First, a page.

Fly fishing has long been a sport of tradition. For generations, gear, techniques, and knowledge have been passed down from one lineage to the next. Out of all these ideas and facets of our sport, perhaps the most recognizable are some of the famous fly patterns. Few fly fishermen find themselves on the river without an array of flies, all of which were invented by someone, somewhere. How often do we take time to learn the origins of the very things our dear sport revolves around? Not often enough. Perhaps the most famous of all trout flies is the Pheasant Tail Nymph. This simple, yet effective pattern is the epitome of a fly that has left a legacy in its wake and possesses a history that deserves to be told.
Invented by Frank Sawyer, the Pheasant Tail has remained a staple in the fly fishing world for over a century. Frank worked as a River Keeper on the River Avon; a chalkstream in England, where he was responsible for making sure wealthy clients caught their share of trout. His desire to catch large quantities of fish combined with a passion for fly angling and fly tying led him to develop an entire genre of fly called the ‘ sunken nymph.’
These innovative patterns were designed to be fished subsurface, in order to imitate small baetis insects. The first and most effective of these flies? You guessed it; the Pheasant Tail. However, Frank’s version of the fly was much simpler than today’s renditions. The original pattern contained only two materials; copper wire and pheasant tail fibers and was designed to be fished along the bottom of the river, or as an emerger. His pattern proved extremely effective and quickly became world-famous. Check out a video of Frank tying the fly below.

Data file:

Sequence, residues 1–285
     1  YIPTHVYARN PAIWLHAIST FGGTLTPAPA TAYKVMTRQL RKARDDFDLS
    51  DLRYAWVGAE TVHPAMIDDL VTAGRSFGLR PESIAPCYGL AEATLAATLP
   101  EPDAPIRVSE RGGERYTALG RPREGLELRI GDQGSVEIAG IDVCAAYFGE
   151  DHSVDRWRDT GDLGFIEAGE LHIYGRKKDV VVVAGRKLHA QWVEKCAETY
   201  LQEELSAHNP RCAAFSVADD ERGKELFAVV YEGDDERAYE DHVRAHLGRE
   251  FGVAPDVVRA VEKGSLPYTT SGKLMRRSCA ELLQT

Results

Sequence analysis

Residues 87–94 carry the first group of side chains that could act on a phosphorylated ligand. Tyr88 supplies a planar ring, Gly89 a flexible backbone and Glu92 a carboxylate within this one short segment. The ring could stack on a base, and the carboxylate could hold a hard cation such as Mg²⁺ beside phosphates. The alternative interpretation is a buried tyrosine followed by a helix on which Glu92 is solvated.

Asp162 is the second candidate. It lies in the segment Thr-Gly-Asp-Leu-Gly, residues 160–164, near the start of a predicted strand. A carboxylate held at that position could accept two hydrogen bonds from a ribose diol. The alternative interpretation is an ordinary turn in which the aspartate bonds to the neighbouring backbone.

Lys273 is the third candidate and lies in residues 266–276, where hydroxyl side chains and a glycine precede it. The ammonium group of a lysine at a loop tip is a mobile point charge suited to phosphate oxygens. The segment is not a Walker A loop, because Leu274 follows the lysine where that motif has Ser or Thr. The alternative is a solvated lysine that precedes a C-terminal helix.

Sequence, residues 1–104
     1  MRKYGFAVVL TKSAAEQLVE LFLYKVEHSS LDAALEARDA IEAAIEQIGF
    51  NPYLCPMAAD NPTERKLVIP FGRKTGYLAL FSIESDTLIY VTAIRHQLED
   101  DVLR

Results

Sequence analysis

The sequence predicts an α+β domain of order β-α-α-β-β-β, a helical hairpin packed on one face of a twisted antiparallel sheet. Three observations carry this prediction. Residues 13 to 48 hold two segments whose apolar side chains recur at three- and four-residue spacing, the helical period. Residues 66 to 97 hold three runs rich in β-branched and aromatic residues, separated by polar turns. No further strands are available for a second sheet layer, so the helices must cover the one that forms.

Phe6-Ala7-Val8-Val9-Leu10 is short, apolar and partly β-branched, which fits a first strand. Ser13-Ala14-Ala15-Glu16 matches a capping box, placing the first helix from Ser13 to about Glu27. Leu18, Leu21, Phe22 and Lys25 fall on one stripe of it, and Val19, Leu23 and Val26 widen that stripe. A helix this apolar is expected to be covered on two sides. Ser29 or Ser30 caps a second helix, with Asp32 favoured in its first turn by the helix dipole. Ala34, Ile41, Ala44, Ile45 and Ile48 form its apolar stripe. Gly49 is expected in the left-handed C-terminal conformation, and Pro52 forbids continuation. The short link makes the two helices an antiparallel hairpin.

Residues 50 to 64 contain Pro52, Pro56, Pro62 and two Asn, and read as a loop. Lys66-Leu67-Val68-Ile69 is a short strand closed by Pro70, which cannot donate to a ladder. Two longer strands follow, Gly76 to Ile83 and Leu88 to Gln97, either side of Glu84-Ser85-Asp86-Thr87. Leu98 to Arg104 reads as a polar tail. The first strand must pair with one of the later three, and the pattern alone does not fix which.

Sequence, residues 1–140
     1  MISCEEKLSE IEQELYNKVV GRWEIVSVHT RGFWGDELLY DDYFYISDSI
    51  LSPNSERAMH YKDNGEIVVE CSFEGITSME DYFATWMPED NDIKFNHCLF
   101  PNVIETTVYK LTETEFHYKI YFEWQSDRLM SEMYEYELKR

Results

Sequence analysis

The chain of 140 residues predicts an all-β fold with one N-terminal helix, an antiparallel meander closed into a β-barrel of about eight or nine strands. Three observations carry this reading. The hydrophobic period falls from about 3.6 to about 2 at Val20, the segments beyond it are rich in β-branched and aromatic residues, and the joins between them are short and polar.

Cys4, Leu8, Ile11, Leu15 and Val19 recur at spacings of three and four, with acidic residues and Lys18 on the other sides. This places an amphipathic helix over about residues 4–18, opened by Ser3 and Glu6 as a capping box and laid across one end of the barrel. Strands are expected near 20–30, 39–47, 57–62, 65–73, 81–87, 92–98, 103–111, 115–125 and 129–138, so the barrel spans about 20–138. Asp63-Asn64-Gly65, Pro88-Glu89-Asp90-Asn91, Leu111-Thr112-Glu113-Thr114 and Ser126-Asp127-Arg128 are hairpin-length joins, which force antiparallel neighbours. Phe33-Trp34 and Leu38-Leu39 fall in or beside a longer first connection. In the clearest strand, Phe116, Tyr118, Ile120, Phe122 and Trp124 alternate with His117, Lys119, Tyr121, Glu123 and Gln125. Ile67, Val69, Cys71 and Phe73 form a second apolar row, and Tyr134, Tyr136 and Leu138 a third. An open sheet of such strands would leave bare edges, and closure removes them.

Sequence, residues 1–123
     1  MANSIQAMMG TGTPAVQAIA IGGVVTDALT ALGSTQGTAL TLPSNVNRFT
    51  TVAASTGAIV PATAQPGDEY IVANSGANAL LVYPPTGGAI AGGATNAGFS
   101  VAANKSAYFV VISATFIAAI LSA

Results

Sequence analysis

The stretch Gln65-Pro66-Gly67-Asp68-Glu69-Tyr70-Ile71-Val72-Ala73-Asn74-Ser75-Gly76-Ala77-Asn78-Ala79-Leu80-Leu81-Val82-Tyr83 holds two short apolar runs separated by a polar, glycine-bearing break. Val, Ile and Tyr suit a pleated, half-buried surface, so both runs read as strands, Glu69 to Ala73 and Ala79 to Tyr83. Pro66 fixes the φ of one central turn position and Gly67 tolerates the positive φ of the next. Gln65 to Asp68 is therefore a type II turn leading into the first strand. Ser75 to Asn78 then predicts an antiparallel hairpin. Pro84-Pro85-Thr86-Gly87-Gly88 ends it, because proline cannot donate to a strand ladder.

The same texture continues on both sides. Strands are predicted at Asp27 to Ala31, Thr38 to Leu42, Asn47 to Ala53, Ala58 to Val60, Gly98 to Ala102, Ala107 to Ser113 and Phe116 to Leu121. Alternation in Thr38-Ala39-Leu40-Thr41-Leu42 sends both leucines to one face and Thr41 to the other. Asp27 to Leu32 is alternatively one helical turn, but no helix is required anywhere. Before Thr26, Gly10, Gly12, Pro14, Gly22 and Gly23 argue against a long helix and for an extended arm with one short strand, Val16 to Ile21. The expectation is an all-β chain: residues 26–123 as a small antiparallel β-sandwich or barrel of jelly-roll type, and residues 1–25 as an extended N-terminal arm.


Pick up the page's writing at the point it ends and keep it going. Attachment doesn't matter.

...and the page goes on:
Invented in an era where dry fly fishing was the norm, Frank’s ‘sunken nymphs’ opened up an entirely new world of fly fishing. He quickly learned that subsurface flies were much more efficient than dry flies and thus began developing techniques to fish these new patterns effectively.
Along came the style of nymphing now known as the Netheravon style; named after a village alongside the River Avon; where Frank fished the most. This method involved the ‘sink and draw,’ where the fly was allowed to sink and then made to swim upwards to the surface either by pulling in line or by raising the rod tip. This raise of the fly in the water column was intended to mimic the motion of an emerging insect, moving from the bottom of the river to the surface. The goal was to have the fly raise in front of a targeted fish, in order to induce a take. The perfect fly for this method? None other than the Pheasant Tail.
Frank went on to perfect this craft and wrote many articles and books about his observations on the trout streams of South West England. The most famous of which is titled Nymphs and the Trout, where he discusses his fishing and tying methods in depth. Frank’s discoveries paved the way for modern nymphing techniques, and now have a firm place in fly fishing history. Even today, anglers from across the globe use the Pheasant Tail Nymph and variations of the Netheravon style to consistently catch trout.
Flies are the essence of our sport, and carry tradition, stories, and longevity alongside their fish catching capabilities. So, next time you’re on the trout stream, looking into your box of flies, take time to understand that each of them has a history. Part of the beauty of our sport is the timeless passing down of knowledge and tradition, so remember to appreciate our fly fishing ancestors. Oh, and next time you’re fishing a pheasant tail (which will probably be next time you fish) don’t forget to give the Netheravon style a try. You never know what fish you might entice.
Article and photos from Ameen Hosain, who is a content creator and fly fishing guide based out of Boulder, CO. Follow him on Instagram @thefishboulder.